During the later part of this winter I started collecting some of the small pieces sea coal that can be found on the Thanet Coastline.
The sea coal maybe nowhere near the quantities found on the north east coast, but it is always present in small quantities somewhere in every Thanet bay. The coal is generally worn smooth and has a dull grey silvery appearance about it , in the majority of cases sea coal has a nice weathered smooth warm feel like a small pebble but lighter . However, from the photograph I have attached it is obvious the appearance and texture of the coal that I have found is not consistent , which is an indication of the different types that is coming ashore. Further examination of some of the pieces, especially from the Margate and Ramsgate Harbour areas, was to find that some pieces were much harder and could easily take a polish which easily enhances the appearance. My first thought was maybe I could have found pieces of Jet, after all we do find Baltic amber on the Thanet coast, so why not Jet from Whitby. So I started circulating a few emails and then started searching on google.
It did not take long to realise that what I had been finding was not Jet but in fact Cannel coal. Before the discovery of North Sea gas and modernisation , Cannel coal was shipped into Margate and Ramsgate harbours as it was used to produce coal gas at the local gas works. The pieces of coal I have been finding are those pieces that actually ended up in the sea during the unloading.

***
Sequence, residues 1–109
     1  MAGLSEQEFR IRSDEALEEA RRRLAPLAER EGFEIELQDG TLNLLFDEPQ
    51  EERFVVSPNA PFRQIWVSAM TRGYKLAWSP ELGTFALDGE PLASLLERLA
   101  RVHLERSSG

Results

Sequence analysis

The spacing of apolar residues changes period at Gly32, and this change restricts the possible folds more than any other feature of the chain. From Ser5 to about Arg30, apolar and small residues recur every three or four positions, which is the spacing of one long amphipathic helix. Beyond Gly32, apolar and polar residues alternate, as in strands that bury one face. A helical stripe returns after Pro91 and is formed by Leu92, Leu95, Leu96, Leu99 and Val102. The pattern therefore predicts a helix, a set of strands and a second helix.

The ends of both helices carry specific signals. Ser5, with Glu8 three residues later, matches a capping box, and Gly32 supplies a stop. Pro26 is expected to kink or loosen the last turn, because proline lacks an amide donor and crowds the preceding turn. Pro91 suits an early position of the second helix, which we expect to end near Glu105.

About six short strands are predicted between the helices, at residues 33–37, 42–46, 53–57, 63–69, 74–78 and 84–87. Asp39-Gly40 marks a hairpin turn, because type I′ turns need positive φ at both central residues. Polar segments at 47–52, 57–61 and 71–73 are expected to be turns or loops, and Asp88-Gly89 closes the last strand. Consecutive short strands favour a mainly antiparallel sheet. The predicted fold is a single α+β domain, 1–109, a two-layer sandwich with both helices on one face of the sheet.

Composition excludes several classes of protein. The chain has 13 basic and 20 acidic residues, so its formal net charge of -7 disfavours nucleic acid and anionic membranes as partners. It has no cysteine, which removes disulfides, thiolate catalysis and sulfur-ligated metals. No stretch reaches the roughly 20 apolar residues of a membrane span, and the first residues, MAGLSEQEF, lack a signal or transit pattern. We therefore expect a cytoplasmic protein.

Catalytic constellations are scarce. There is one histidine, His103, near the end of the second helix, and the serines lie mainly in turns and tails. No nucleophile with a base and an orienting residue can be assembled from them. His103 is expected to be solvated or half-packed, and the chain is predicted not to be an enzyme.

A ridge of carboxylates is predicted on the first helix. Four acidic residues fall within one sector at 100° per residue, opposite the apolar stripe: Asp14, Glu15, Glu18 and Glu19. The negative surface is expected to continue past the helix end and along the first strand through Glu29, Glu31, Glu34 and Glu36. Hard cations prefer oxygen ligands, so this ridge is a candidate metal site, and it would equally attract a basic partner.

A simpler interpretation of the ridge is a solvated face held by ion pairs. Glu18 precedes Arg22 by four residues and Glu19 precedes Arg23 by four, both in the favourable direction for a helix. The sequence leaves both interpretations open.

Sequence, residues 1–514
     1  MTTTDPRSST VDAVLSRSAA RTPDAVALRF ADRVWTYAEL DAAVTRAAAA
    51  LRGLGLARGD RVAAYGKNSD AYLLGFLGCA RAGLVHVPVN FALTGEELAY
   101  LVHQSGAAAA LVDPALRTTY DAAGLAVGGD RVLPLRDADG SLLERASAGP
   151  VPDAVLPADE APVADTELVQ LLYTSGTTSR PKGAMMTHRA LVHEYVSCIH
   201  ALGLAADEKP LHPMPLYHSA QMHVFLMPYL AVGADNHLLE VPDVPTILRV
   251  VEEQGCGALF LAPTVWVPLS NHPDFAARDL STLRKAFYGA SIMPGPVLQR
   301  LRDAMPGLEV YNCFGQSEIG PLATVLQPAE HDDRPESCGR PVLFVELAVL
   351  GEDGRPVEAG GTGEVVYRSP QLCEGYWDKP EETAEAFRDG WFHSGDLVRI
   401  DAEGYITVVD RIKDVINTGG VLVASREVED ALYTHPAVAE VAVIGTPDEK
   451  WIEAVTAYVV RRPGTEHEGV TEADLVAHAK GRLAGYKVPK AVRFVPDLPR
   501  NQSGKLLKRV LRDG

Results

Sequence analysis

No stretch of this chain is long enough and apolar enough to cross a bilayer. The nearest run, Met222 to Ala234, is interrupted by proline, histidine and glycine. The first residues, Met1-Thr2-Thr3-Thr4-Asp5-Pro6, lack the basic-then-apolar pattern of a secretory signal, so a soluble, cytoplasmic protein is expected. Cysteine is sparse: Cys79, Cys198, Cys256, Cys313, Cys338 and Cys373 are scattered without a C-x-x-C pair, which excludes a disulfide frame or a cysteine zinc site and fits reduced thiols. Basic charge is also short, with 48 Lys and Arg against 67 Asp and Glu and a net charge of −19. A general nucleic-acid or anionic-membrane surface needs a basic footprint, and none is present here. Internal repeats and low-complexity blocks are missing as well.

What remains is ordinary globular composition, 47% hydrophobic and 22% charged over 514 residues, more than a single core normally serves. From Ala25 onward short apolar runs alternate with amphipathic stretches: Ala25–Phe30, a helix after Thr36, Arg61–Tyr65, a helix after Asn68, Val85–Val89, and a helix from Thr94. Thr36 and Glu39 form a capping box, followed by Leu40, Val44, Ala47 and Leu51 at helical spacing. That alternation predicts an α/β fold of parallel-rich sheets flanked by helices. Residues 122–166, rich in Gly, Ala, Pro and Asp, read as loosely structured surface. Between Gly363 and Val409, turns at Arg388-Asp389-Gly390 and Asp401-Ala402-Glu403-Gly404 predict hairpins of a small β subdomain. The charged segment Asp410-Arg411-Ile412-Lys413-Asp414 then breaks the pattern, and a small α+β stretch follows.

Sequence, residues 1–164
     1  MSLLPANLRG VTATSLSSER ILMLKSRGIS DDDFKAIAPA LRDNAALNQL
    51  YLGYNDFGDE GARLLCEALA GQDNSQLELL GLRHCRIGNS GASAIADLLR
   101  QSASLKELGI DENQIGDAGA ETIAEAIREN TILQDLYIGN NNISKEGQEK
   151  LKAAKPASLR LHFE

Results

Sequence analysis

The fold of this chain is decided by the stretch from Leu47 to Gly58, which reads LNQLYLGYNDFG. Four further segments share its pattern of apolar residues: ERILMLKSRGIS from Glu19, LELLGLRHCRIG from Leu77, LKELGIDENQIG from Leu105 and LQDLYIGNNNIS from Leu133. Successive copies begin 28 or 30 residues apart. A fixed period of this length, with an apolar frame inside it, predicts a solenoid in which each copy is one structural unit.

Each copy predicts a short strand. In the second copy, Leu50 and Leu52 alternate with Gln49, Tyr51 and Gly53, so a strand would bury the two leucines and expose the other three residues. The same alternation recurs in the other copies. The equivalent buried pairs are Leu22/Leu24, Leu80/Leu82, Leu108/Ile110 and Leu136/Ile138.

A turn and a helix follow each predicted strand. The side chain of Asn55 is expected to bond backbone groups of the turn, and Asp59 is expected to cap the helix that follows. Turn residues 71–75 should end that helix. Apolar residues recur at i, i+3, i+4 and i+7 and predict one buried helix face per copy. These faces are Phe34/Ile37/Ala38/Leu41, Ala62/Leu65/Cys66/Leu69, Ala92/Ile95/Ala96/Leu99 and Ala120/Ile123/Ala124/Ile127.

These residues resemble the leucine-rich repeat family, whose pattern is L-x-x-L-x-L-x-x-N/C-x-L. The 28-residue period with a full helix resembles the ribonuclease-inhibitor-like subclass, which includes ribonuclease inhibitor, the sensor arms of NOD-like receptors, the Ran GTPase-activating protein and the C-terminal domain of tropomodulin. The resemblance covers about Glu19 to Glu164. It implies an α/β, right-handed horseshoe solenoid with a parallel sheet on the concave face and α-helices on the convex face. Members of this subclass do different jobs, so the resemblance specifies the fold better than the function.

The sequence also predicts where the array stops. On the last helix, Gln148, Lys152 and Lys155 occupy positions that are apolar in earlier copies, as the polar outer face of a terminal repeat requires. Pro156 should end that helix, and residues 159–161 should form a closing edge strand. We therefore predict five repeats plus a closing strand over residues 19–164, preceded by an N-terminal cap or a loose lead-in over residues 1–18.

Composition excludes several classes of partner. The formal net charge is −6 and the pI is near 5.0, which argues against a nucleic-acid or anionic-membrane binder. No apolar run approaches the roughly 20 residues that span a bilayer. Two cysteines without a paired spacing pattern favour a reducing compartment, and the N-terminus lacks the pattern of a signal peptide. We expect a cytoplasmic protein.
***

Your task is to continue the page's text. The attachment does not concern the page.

In Margate the story is different as some of the coal was unloaded or jettisoned when the coasters carrying the coal ran aground in the bay or the harbour entrance. The coal then had to be unloaded in a hurry to allow the coaster to re float by the next tide. This also probably explains as to why I have been finding larger pieces at Margate.
The name Cannel coal originates from the name Candle coal because the coal ignites very easily and can burn with a bright flame and can held like a candle. Also when mined Cannel coal doea has fossilized fish present. In the days when there was little knowledge of the geological formation of the earth. The assumption was that this coal originated from the canal. So I suppose a corruption of the word candle spelt candel with the word canal , has through time led to the word Cannel.
Further identification is nicely put in this definition I found on the Internet."Cannel Coal is a hard dull black coal which breaks with a conchoidal fracture and does not soil the fingers when handled. In some respects it resembles jet. It is easily cut, and will take a high polish. It contains a large proportion of volatile constituents making it suitable for gas manufacture"
A Conchoidal fracture is how flint breaks when it shattered.
Below is a photograph of some of the pieces of Cannel coal I have found along which a miner carved from cannel coal. The larger piece of coal came from Margate and the smaller pieces from the Western Undercliff where I have been carrying out my coastal warden surveys in recent months.